The Baconian method is rarely used today. It proved too laborious and extravagantly expensive; its technological applications were unclear. However, at the time the formalisation of a scientific method marked a revolutionary advance. Before it, science was metaphysical, accessible only to a few learned men, mostly of noble birth. By rejecting the authority of the ancient Greeks and delineating the steps of discovery, Bacon created a blueprint that would allow anyone, regardless of background, to become a scientist.

Bacon’s insights also revealed an important hidden truth: the discovery process is inherently algorithmic. It is the outcome of a finite number of steps that are repeated until a meaningful result is uncovered. Bacon explicitly used the word ‘machine’ in describing his method. His scientific algorithm has three essential components: first, observations have to be collected and integrated into the total corpus of knowledge. Second, the new observations are used to generate new hypotheses. Third, the hypotheses are tested through carefully designed experiments.

If science is algorithmic, then it must have the potential for automation. This futuristic dream has eluded information and computer scientists for decades, in large part because the three main steps of scientific discovery occupy different planes. Observation is sensual; hypothesis-generation is mental; and experimentation is mechanical. Automating the scientific process will require the effective incorporation of machines in each step, and in all three feeding into each other without friction. Nobody has yet figured out how to do that.

Experimentation has seen the most substantial recent progress. For example, the pharmaceutical industry commonly uses automated high-throughput platforms for drug design. Startups such as Transcriptic and Emerald Cloud Lab, both in California, are building systems to automate almost every physical task that biomedical scientists do. Scientists can submit their experiments online, where they are converted to code and fed into robotic platforms that carry out a battery of biological experiments. These solutions are most relevant to disciplines that require intensive experimentation, such as molecular biology and chemical engineering, but analogous methods can be applied in other data-intensive fields, and even extended to theoretical disciplines.

Automated hypothesis-generation is less advanced, but the work of Don Swanson in the 1980s provided an important step forward. He demonstrated the existence of hidden links between unrelated ideas in the scientific literature; using a simple deductive logical framework, he could connect papers from various fields with no citation overlap. In this way, Swanson was able to hypothesise a novel link between dietary fish oil and Reynaud’s Syndrome without conducting any experiments or being an expert in either field. Other, more recent approaches, such as those of Andrey Rzhetsky at the University of Chicago and Albert-László Barabási at Northeastern University, rely on mathematical modelling and graph theory. They incorporate large datasets, in which knowledge is projected as a network, where nodes are concepts and links are relationships between them. Novel hypotheses would show up as undiscovered links between nodes.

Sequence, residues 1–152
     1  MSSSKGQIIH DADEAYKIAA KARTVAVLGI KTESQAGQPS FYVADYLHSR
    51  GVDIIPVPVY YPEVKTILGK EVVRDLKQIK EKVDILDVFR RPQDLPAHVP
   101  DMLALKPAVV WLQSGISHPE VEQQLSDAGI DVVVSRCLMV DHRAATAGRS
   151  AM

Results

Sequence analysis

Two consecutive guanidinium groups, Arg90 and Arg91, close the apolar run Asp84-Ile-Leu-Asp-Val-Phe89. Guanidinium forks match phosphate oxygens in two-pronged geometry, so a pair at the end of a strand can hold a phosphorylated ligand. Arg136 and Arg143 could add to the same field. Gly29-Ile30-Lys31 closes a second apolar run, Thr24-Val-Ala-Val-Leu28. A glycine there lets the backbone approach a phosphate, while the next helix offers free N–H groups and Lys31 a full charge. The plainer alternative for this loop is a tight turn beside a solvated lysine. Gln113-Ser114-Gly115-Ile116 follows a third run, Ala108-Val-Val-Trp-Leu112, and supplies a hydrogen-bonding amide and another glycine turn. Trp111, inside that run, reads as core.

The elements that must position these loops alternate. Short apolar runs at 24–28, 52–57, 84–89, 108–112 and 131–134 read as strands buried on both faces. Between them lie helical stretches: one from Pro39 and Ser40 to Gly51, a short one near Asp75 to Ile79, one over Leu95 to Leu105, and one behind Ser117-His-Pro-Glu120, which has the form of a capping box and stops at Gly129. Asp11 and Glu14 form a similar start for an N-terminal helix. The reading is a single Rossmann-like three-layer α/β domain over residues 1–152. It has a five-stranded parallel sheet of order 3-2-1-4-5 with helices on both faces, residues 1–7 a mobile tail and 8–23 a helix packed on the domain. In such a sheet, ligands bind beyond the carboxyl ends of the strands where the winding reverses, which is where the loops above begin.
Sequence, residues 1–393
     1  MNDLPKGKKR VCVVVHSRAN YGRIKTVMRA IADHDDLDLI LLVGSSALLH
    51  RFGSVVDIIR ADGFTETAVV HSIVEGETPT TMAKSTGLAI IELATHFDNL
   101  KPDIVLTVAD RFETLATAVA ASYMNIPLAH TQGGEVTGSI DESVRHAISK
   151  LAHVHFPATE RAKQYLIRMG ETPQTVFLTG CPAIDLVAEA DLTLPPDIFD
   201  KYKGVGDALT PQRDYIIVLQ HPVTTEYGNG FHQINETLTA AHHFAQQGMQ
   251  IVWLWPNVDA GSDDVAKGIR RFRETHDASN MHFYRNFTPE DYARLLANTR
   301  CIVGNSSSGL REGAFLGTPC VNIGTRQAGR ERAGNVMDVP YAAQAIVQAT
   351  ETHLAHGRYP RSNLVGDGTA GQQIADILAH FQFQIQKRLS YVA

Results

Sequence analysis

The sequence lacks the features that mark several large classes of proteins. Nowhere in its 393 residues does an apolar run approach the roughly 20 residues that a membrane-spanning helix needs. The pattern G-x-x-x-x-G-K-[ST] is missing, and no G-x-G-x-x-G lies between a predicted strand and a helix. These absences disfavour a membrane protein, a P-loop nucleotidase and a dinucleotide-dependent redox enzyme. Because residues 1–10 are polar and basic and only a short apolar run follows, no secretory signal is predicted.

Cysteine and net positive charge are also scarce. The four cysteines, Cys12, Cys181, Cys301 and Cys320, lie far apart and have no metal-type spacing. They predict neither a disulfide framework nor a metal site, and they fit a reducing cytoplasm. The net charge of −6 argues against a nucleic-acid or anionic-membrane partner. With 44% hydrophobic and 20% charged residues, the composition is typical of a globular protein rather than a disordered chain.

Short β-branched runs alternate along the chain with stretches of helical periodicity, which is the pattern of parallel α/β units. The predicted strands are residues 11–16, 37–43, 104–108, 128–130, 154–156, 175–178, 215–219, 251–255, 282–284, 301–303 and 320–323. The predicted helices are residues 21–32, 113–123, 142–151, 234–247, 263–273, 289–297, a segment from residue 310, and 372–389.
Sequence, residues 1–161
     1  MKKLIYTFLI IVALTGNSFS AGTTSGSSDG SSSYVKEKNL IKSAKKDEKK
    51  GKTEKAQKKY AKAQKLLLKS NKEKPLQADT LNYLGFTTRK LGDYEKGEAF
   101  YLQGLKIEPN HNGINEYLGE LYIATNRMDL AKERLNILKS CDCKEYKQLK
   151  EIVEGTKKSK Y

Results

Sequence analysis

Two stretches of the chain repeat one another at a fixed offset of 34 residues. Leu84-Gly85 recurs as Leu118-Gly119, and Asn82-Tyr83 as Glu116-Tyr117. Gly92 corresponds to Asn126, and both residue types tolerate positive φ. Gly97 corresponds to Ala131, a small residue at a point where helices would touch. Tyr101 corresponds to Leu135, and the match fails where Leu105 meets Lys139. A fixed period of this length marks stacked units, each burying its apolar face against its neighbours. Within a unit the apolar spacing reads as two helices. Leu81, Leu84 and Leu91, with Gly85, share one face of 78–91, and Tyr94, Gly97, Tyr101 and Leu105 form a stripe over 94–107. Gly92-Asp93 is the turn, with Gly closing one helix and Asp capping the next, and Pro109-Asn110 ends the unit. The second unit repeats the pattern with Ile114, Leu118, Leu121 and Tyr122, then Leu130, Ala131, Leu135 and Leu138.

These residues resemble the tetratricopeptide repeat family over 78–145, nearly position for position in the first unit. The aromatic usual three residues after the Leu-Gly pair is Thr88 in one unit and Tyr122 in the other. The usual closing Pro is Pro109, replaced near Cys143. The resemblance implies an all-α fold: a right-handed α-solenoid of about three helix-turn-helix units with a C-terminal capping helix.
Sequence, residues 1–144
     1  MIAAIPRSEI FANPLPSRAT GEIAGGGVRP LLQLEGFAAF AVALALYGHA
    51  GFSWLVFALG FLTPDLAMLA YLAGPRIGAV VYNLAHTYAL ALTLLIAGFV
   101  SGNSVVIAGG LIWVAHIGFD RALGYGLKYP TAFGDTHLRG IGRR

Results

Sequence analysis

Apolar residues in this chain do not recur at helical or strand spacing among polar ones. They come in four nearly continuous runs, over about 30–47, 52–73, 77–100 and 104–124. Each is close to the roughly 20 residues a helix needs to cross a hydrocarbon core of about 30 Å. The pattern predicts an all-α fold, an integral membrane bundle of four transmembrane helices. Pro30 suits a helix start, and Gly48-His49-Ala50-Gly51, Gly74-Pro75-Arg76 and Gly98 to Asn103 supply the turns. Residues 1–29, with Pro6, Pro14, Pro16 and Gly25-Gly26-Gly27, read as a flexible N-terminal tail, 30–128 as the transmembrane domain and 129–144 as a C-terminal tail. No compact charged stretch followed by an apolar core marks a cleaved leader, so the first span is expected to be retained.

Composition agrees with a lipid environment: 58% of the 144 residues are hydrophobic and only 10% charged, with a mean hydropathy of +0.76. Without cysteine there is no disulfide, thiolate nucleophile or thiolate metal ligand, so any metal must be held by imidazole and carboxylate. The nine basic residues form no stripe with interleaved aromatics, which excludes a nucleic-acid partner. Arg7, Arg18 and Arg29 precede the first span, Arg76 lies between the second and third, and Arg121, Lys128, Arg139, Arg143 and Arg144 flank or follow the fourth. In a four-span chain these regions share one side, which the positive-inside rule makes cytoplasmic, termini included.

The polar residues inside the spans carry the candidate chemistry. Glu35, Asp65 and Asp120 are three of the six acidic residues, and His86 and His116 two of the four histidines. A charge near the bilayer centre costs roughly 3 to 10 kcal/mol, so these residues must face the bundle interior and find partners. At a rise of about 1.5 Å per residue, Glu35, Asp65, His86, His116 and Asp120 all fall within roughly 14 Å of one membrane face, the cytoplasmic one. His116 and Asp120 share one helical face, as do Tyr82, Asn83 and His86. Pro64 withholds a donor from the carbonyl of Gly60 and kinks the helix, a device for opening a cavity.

The most challenging step in the automation process is how to collect reliable scientific observations on a large scale. There is currently no central data bank that holds humanity’s total scientific knowledge on an observational level. Natural language-processing has advanced to the point at which it can automatically extract not only relationships but also context from scientific papers. However, major scientific publishers have placed severe restrictions on text-mining. More important, the text of papers is biased towards the scientist’s interpretations (or misconceptions), and it contains synthesised complex concepts and methodologies that are difficult to extract and quantify.

Nevertheless, recent advances in computing and networked databases make the Baconian method practical for the first time in history. And even before scientific discovery can be automated, embracing Bacon’s approach could prove valuable at a time when pure reductionism is reaching the edge of its usefulness.

Human minds simply cannot reconstruct highly complex natural phenomena efficiently enough in the age of big data. A modern Baconian method that incorporates reductionist ideas through data-mining, but then analyses this information through inductive computational models, could transform our understanding of the natural world. Such an approach would enable us to generate novel hypotheses that have higher chances of turning out to be true, to test those hypotheses, and to fill gaps in our knowledge. It would also provide a much-needed reminder of what science is supposed to be: truth-seeking, anti-authoritarian, and limitlessly free.

The Campi Flegrei supervolcano is bubbling away under Italy